Over at Tourist Attractions and Parks (TAP) Magazine, writer Karen Appold surveys an overlooked source of sustenance: “How to Strike it Right with Food Offerings at Bowling Centers.”
“When people visit a bowling center,” Appold begins, “they don’t just go for the fun of the game. Many guests want to make an afternoon or night out of their trip, and indulging in food offerings is also part of the experience.”
From food trucks to cauliflower crust pizzas, not to exclude nachos and burgers, but periodically with fresh-baked brownies and desserts, there are as many strategies for feeding and watering bowlers as are applicable to any other collection of persons gathered for fun and recreation.
But first, one must have a bowling alley with all the culinary accessories, and as the Courier-Journal reported earlier this week, one such facility is in the process of being reanimated by a new ownership group. It’s the historic and beloved Vernon Lanes, and while it isn’t yet clear what sort of food an drink offerings will emerge, here’s a brief excerpt from reporter Lucas Aulbach’s story.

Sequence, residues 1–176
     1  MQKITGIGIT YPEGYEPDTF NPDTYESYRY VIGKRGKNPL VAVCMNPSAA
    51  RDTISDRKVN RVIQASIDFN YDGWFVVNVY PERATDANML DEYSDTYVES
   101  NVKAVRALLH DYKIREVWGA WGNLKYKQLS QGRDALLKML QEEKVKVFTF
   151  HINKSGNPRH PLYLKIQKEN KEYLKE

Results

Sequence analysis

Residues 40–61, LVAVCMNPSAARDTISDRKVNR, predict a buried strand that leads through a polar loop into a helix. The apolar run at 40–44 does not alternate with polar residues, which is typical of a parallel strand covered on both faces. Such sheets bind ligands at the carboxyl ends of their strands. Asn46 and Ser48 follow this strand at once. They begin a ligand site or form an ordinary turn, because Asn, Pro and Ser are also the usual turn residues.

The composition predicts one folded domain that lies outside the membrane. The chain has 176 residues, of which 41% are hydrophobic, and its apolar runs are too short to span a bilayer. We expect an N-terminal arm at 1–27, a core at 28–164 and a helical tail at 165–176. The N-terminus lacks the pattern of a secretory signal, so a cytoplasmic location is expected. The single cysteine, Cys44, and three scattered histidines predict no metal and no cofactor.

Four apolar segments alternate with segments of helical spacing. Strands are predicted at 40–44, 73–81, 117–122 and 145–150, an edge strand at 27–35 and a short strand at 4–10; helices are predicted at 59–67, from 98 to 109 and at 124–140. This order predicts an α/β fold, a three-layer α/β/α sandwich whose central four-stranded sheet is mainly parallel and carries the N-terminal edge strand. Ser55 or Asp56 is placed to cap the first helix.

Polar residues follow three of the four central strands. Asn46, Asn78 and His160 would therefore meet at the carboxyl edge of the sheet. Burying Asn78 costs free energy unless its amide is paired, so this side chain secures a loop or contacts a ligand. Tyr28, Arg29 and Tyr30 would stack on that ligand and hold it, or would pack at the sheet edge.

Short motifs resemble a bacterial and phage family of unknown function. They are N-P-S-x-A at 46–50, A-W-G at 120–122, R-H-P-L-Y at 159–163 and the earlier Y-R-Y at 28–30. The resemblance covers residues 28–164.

Built in 1876 at 1575 Story Ave., on a one-way street heading into the heart of downtown Louisville, Vernon Lanes for years offered a spot for local bowlers to hit the lanes. The bowling alley closed in 2015, though, and has remained vacant in the years since, though a basement had been used to host concerts and other events.
Plans filed with the city show owners plan to restore the bowling alley, construct a bar and dining space and add two bathrooms to the first floor, while adding a stage, kitchen and bar in the basement. The building has two additional floors above the bowling alley, though they are smaller in space than the ground level, along with a more than 70-space parking lot.
Today’s featured image comes courtesy of Wikipedia.